When a mom finds porn on musical.ly

One parent by the name of Anastasia Basil wrote about what she discovered on musical.ly. She found children as young as eight sexually objectifying themselves on the app.

“The worst thing is watching little kids (as young as eight) sexually objectify themselves. The kids who get it right (the tweeny Kardashians) gain followers. The kids who get it wrong  —  those not “sexy” enough, funny enough, pop-culturey enough  —  are openly ridiculed in the comment section,” she writes.

porn on musical.ly

“They told me I look like a Kardashian, what am I gonna do now?”

Basil also writes that to get past the app’s filters, kids use hashtags like #thot (That Ho Over There), or #fgirl, #hottie, #sxy, #whooty or #sin.

The hashtags change often to keep the app’s filters and monitors from keeping up.

There are even worse things than porn on musical.ly

Basil also found videos of individuals who self-harm on the app.

“There are #selfharm videos that show suicide options  —  bathtubs filling, images of blades, a child’s voice saying she doesn’t want to live any more. I saw a boy with a bleeding chest (yes, real blood). I saw a young girl whose thighs were so cut up,” she says. “The images are deeply upsetting.”

In addition to cutting, there are lots of hashtags and positivity around eating disorders on musical.ly. Users use hashtags like #proana for “pro anorexia” to encourage anorexics to stick together and achieve their goal of not eating.

Most heart-breaking of all is that she found little kids trying to save “slightly older” kids who depicted harming themselves on the app.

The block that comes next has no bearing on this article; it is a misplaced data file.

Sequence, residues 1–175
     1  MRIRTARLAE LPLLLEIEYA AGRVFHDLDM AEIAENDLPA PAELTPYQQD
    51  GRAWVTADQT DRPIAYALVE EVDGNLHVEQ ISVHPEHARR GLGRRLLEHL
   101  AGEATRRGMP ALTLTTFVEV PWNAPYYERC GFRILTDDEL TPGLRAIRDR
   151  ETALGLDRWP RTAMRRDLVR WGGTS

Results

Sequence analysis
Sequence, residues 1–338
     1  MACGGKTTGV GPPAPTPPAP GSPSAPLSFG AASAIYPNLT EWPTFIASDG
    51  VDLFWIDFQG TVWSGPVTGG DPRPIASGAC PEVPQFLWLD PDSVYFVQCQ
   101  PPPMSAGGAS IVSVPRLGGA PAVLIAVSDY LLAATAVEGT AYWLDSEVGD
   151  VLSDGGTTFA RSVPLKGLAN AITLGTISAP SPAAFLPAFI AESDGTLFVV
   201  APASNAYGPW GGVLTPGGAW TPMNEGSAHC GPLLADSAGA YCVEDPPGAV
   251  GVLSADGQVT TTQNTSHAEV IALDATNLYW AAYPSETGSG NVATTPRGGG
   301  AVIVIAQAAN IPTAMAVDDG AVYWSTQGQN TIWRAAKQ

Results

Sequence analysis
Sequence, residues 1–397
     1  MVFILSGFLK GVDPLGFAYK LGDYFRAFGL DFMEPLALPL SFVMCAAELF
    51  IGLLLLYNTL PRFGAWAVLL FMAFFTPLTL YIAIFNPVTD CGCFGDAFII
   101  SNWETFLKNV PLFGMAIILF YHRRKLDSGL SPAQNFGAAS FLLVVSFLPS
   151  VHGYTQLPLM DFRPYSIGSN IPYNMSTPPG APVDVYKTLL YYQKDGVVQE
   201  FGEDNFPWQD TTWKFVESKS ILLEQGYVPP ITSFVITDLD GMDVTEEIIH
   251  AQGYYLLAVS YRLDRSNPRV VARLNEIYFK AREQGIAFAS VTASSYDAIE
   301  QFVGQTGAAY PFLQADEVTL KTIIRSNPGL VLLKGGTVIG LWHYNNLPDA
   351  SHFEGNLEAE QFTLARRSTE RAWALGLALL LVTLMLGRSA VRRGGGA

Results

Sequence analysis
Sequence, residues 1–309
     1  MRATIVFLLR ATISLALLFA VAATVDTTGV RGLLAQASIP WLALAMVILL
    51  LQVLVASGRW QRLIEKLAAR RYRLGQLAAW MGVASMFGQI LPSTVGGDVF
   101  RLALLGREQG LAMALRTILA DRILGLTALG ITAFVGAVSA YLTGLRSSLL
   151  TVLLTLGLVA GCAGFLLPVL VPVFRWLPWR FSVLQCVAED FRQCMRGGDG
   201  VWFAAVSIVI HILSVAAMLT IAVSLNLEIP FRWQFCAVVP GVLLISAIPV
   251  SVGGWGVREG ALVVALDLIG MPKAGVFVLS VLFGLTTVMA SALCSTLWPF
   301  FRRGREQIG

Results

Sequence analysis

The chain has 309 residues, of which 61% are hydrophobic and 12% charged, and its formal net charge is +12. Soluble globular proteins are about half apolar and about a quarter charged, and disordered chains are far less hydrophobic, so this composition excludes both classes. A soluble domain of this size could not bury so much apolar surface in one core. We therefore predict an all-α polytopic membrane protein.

“Their effort might seem beautiful, hopeful even, but it isn’t. A child stepping into the darkness of another child is not beautiful, it’s wrong. I saw this comment beneath a #suicide video: ‘u r beautiful plz dont kill urself im only 10 but i will b ur friend.’”

Developing more than porn on musical.ly

Another major concern for McLean is a recently added sub-section of the musical.ly app called Lively. Lively allows any user to host a live stream visible to other musical.ly users.

She has been told of at least one instance of a child allegedly threatening to self-harm. All this while thousands of users from around the world watched. There have also been reports that the function has featured underage nudity.

“I had a woman in Quebec get in touch with me, distraught because there was a girl from Brisbane who was threatening to self-harm on a live stream,” McLean says. “There is no editing, no filtering for this function, which children can use in any way they choose. It needs to be banned.”

McLean’s advice to parents is simple: 

“If your child is under 13, get off it. It’s already illegal, and there are things on there that they just shouldn’t see. If they’re over 13, get on it yourself and convince yourself you’re happy with the environment. I certainly wouldn’t want my child exposed to it.”

 

Sources: The New Daily, Medium

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Republished with permission from: theAsianParent Singapore